The Lost Jewels by Rabindranath Tagore

The Lost Jewels - Rabindranath TagoreIn The Lost Jewels by Rabindranath Tagore we have the theme of equality, materialism, control, trust, appearance, selfishness and independence. The story itself is a frame narrative with a merchant calling himself Bhusan Saha narrating the opening section of the story while the narrative is then taken over by an old schoolmaster. It is also after reading the story that the reader realises that Tagore may be exploring the theme of equality. There seems to be very little equality in Bhusan’s marriage. He needs to acquire a loan and he knows that the best way to get the loan is to pawn some of the jewellery that he had previously given to his wife. However Mani does not agree to this venture as she feels as though the jewels are hers and hers alone and that she will never get them back. If anything Mani is being materialistic rather than being reasonable. Bhusan is in desperate need of the money and rather than taking control of the situation he accepts Mani’s refusal to give him the jewels. What is also interesting about the story is the fact that Tagore writes of a strong female character, Mani, something that would not have often occurred at the time the story was written. Many writers wrote of women submissive to their husbands in order to highlight a truer reflection of society. Though Mani shows an ability to refuse her husband. She is unable to refuse herself. Something that is noticeable by the large amount of material possessions that Mani possesses.

It is as though Mani is judging her self-worth based solely on how many possessions she has. The reader also aware that Mani herself may not necessarily know how many material things she may own. There is also a sense that Mani does not trust Bhusan hence her employing her cousin Modhu to keep an eye on Bhusan’s business and to report back to her. Even though Mani knows how desperate things are for Bhusan she does not change her mind about giving Bhusan her jewellery rather she goes to her father’s home bedecked in all her jewellery which Bhusan has bought. Appearance seem to be more important to Mani than helping Bhusan salvage the business. Which may lead some critics to suggest that Mani is acting selfishly. If it were not for Bhusan’s generosity Mani would not have many of the material possessions or jewellery that she has. It is also possible that come critics will suggest that Bhusan himself is weak for not demanding the return of the jewellery from Mani. However throughout the story Bhusan at no stage ever questions Mani. It is as though the stereotypical roles of the marriage are reversed. With the power within the marriage favouring Mani.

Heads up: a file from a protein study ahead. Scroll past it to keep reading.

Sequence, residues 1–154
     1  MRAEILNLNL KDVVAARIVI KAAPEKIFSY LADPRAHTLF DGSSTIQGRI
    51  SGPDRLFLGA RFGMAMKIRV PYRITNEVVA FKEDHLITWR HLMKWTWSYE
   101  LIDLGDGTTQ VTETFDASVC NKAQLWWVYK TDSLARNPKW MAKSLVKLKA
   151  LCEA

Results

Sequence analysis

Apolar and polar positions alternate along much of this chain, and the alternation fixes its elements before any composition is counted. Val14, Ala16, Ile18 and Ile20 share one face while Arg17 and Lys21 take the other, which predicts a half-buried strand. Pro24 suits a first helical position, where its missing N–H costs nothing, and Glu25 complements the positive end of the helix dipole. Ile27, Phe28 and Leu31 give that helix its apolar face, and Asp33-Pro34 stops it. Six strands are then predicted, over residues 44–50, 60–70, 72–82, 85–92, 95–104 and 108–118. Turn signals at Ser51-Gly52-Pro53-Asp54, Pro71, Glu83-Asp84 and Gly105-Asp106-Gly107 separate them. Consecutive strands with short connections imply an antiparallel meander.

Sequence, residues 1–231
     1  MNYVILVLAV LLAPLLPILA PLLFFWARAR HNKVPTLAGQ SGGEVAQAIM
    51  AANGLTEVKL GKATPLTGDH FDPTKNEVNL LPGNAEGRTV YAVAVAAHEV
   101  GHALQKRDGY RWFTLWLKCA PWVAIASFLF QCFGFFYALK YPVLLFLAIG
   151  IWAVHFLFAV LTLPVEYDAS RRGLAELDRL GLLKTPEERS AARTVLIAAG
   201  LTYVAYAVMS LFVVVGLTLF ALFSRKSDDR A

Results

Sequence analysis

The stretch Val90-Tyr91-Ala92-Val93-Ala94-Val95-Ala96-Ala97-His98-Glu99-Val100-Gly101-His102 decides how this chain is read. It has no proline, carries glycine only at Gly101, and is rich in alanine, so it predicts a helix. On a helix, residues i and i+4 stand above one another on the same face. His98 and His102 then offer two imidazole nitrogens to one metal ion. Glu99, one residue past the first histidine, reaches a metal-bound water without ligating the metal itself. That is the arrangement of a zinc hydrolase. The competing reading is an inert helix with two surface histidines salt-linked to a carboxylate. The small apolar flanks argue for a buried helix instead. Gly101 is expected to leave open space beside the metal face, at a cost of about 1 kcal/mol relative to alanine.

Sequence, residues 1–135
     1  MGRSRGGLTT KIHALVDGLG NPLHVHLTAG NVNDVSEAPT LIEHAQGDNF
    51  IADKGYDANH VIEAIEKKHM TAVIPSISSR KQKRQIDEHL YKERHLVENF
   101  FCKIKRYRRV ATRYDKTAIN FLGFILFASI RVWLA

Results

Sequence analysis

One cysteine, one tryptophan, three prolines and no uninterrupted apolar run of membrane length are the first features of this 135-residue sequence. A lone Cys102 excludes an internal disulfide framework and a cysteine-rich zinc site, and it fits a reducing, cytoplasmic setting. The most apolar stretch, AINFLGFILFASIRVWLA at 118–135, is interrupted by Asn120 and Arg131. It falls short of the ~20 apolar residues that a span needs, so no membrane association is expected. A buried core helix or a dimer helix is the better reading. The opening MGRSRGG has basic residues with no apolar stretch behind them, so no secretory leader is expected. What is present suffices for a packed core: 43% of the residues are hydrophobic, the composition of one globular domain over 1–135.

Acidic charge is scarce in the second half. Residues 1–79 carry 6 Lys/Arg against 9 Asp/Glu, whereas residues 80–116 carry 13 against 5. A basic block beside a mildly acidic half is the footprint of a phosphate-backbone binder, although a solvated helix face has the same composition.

Some critics have suggested that should Mani have been an equal partner in the company she might not have been so hesitant to help Bhusan. Though there is no dialogue between Mani and Bhusan regards a partnership it might still have been an issue for Mani. Though it is also possible that Tagore is suggesting that Mani and many women in particular are more concerned about their appearances than they are their general well-being. It cannot be lost on Mani that should the business collapse so too will the lifestyle she is accustomed to. Just as Mani suspects that Bhusan is reliant on her for love Mani herself is reliant on Bhusan being a successful businessman. It may be a case that neither Mani nor Bhusan are really independent of one another despite the fact that Mani would like to think she is. Bhusan is paying for everything and Mani with open arms is accepting each gift that Bhusan buys her. Yet she is not prepared to give something back (the jewels) for a short period of time. Which may leave many readers to suspect that Mani is acting selfishly and not being there for Bhusan or the business. Yet she wishes to reap all the rewards when the business is successful.

The end of the story is also interesting as Tagore leaves the ending open to interpretation. Some readers will believe that the merchant who has been listening to the old schoolmaster tell the tale of Bhusan Saha is in fact Bhusan himself. All that has occurred is that he has remarried and reclaimed the jewels that he had given Mani. However some critics will suggest that the merchant is not Bhusan Saha and that he is only playing a game with the old schoolmaster. However it might be important to remember that the merchant gave the old schoolmaster the wrong name at the beginning of the story. So he may very well have waited till the old schoolmaster told his story before giving him his real name. Bhusan despite the passing of time might have decided to return back to what is rightfully his. With a new wife and a new future planned. Tagore does not say as to whether Bhusan drowned at the end of the story he just lets the reader know that his body went under water. Perhaps Bhusan was never killed.

Cite Post
McManus, Dermot. "The Lost Jewels by Rabindranath Tagore." The Sitting Bee. The Sitting Bee, 15 Feb. 2018. Web.


  • Hello I read your analysis and think that it was good enough but according to me I think there are some mistakes. As it is written above as the man being fisherman but he replied to that school headmaster as being a merchant dealer. And the story was being narrated by the schoolmaster and not the fisherman/the merchant dealer who was listening to him.

    • Dermot (Post Author)

      Thanks for the comment Anupam. I have made a mistake he is indeed a merchant dealer. As for the narrator of the story. The story itself is a frame narrative (story within a story) which I should have highlighted with the merchant dealer narrating the opening section and then the old school master taking over the narrative for most of the story. I’ll fix those errors and thank you again for highlighting them.

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